China's four largest banks extended 370 billion yuan ($59.4 billion) of new loans in January, up from 320 billion yuan in the same period last year, the official China Securities Journal reported on Tuesday.
That marked an uptick from 210 billion yuan in December, after total new bank loans had steadily declined during 2012 as loans fell as a proportion of total social financing.
The level of new loans from the big four - the Industrial and Commercial Bank of China, Agricultural Bank of China, China Construction Bank and Bank of China - was broadly in line with market expectations.
A Reuters survey estimated that total new loans from all Chinese banks would hit 1 trillion yuan in January. The big four banks usually account for 30 percent to 50 percent of overall new bank lending in China.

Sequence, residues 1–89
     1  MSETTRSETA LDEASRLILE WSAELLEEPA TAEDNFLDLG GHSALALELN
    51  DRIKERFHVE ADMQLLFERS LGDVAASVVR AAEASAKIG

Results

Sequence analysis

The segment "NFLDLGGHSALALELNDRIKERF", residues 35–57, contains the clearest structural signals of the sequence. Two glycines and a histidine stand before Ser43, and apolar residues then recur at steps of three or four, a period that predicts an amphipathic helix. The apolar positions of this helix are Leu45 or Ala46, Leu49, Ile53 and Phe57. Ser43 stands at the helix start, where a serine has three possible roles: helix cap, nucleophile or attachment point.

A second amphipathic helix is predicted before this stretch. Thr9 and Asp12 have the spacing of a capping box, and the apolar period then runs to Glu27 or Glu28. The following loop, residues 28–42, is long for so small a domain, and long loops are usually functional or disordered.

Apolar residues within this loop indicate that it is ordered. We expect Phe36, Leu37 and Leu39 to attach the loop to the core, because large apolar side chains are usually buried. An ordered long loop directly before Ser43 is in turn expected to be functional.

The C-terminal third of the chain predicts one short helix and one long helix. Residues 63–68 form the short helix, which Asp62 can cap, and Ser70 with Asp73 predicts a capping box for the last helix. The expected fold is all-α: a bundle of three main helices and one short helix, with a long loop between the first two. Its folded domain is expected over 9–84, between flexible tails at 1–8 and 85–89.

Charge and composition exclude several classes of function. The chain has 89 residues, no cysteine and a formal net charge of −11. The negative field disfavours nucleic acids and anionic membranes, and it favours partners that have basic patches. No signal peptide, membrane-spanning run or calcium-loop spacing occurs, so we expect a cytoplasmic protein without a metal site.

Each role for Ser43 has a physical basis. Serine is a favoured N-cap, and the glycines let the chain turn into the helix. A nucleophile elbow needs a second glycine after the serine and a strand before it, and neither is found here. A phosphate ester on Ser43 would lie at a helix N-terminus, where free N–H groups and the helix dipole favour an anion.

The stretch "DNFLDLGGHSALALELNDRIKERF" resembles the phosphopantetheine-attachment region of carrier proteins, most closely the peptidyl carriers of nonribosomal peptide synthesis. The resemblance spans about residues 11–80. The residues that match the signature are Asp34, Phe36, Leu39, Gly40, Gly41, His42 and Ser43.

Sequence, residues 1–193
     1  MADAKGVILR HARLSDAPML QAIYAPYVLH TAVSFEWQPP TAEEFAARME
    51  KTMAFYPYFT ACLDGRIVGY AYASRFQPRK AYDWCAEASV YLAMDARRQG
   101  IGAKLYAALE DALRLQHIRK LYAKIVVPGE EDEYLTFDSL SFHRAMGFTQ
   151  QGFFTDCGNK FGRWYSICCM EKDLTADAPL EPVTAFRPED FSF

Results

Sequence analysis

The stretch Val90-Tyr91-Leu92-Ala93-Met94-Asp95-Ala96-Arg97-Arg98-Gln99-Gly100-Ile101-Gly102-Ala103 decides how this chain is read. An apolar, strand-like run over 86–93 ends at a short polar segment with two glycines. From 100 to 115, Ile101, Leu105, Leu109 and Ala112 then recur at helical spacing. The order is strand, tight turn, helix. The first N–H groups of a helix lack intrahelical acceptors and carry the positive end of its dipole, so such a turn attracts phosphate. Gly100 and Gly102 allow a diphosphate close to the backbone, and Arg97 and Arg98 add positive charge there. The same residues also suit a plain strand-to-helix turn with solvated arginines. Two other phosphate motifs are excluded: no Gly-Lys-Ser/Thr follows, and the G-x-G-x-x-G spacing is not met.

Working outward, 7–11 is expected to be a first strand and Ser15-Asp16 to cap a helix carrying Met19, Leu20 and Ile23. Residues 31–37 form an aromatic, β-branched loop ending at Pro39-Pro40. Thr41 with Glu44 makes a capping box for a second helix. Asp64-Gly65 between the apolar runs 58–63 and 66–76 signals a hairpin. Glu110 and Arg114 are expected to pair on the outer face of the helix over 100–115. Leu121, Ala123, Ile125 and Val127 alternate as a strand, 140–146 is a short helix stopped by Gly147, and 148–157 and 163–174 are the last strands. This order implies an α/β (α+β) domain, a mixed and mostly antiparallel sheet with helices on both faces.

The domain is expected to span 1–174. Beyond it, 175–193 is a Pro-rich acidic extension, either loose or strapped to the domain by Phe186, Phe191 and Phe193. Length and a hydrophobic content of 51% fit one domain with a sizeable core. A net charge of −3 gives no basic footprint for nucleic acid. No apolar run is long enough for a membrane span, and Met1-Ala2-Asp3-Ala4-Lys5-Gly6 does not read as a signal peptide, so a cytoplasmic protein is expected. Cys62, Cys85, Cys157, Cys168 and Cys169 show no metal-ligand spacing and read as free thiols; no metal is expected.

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China is diversifying its channels of alternative money supply, including trust loans and bonds, meaning that bank loans are losing the top spot as the key measure of Chinese money supply.
In December, total new yuan loans made up only 445 billion yuan out of 1.6 trillion yuan in Total Social Financing (TSF).
The ratio of yuan loans in TSF hit a record low of 52.1 percent in 2012 and analysts believe the ratio will fall below 50 percent this year. That compares with 91.9 percent 10 years ago.